Here it is. This bracket enables the mounting of a centrifugal supercharger, which will give this engine 2.5 times more power (around 500hp).
As stated in the previous entry, the forced induction option we chose for the build is supercharging. While there are some supercharging options for this engine, none of them work for this application. This engine came transversely mounted in factory vehicles, but in our rear wheel drive application the engine is mounted longitudinally.
Water Pump Elimination
The first thing that had to be done was to eliminate the factory water pump. This has two benefits, first it made space for the supercharger. Second, the factory water pump and tensioner weighs about 13lbs, and the electric water pump we are using instead weights less than 3lbs. So 10lbs saved.
A blockoff plate from K-tuned was installed, with an -16AN fitting. We put some tape over the fitting to protect the sealing surface. Our water pump and radiator will have AN fittings as well, so AN lines for the whole cooling system.
Will it Fit?
After getting rid of the factory water pump, it was still unknown if it was even going to be possible to fit the supercharger and alternator. Because of the steering rack, the alternator has to sit higher than it otherwise could. The supercharger also has to sit +/-15 degrees from upright to ensure proper oiling, so we had to work within those constraints.
First a quick wood mockup was made, then a more refined one was made out of some spare sheet metal. The stock alternator mounts with the bolts going perpendicular to the alternator, which wouldn’t be easy to mount, and I additionally wanted to add tensioning functionality to the alternator to eliminate the factory spring loaded tensioner. Spring loaded tensioners can bounce around at high RPM, which would cause belt slip on the supercharger. After looking at a lot pictures, a Toyota alternator that has the mounting bolts parallel to the alternator shaft was found. One mounting hole would be used to mount the alternator, and the other hole for an adjustable turnbuckle for tensioning.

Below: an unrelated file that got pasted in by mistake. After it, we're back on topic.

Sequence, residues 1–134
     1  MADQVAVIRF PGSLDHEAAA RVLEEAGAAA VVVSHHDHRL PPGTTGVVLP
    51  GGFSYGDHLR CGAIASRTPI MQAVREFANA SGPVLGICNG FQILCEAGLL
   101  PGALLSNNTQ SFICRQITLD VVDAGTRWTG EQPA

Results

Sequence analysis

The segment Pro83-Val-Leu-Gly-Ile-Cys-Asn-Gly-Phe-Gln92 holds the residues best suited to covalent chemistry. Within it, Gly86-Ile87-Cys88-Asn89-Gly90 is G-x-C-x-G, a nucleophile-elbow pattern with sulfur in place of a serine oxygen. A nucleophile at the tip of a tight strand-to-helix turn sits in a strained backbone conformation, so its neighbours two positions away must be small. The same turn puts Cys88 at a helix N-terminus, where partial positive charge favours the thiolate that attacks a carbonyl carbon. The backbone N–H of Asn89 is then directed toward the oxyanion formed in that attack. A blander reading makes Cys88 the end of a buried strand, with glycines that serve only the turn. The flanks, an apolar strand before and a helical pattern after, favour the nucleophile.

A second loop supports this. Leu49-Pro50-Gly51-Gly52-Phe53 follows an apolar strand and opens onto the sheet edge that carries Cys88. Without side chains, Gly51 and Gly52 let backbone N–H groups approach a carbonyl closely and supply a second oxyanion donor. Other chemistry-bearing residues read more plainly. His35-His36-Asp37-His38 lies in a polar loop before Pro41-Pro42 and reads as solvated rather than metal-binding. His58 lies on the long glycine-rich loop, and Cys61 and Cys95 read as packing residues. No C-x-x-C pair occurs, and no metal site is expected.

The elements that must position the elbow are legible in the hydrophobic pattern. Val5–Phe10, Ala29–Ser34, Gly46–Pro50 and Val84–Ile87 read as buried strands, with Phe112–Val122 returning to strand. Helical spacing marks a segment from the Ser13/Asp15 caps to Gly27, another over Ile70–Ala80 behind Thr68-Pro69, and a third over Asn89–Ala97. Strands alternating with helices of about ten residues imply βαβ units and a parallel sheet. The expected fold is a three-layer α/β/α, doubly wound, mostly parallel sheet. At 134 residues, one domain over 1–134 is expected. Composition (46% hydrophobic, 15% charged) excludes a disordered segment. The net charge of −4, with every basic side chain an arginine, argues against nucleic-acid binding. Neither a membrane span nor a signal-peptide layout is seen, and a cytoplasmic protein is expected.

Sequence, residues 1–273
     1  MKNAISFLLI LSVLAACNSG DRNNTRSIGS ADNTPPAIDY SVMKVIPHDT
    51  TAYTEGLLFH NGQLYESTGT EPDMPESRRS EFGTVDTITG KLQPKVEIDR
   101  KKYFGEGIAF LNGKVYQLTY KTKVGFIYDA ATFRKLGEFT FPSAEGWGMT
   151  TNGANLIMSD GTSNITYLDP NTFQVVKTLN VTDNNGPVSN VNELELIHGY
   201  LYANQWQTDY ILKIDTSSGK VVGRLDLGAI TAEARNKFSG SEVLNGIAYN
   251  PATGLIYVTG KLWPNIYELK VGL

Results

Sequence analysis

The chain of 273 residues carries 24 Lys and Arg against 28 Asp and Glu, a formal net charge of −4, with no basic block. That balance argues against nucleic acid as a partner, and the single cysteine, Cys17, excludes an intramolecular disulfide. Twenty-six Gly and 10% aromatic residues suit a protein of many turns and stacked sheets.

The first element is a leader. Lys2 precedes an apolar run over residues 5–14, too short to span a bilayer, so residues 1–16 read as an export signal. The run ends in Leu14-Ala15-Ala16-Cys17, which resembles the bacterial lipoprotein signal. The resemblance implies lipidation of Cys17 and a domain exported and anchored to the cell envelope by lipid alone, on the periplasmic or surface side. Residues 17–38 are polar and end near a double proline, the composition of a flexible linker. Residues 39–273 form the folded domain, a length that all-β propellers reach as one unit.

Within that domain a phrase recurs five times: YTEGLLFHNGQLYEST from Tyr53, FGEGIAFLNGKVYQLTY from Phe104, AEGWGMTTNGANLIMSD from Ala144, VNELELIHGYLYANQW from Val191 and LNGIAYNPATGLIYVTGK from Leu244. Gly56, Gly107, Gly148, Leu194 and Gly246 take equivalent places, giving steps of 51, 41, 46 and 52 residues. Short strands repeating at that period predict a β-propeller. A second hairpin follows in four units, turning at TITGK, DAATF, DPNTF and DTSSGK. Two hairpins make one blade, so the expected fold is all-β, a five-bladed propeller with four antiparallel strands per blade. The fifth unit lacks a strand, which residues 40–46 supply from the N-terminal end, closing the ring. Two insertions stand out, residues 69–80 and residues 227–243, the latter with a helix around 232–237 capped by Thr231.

If the for-aft alignment of the different pulleys are off, the engine belt can jump off or wear prematurely, so it was very important to get this right. A lot of measurements had to be taken. Measurements were taken off the pulley faces as that was the easiest place to get a good reference measurement from. Then measurements had to be taken from the pulley face to the belt ribs, as this is not equal for all the pulleys. Once these measurements were known, a straight edge was used to measure from the crank pulley to the mounting bolts for the bracket.
Cutting the Bracket
The bracket was made from some 3/8” aluminum. The shapes were cut with a jig saw believe it or not. It was slow going but accurate, and it wasn’t to hard to smooth out later. Some recesses had to be machined out on the back side for the alternator to be able to sit properly. All the mounting holes were countersunk for a clean look and to prevent belt interference. A left hand tap and right hand tap were used to make an adjustable turnbuckle.
Coolant Line Pass Through
Next, a hole was cut for the coolant lines to pass though.
To add a couple additional mounting holes for the bracket, as plexiglass sheet was used to find the proper location.
A couple of gussets and mounting plate for the backside of the alternator were made. And all the parts were given a brushed finish with sandpaper before welding. Due to absence of welding ability, the parts were brought to a professional for welding.
The end result is pretty awesome! Luckily a belt that fit perfect was found, 7-rib belt sizes aren’t nearly as common as 6 or 8-rib.
Below is a preview of a post that is coming soon…the custom made intercooler. Be sure to like our Facebook page to see the rest of the build. To follow, simply click the button below. When the check mark appears next to the like you are good to go!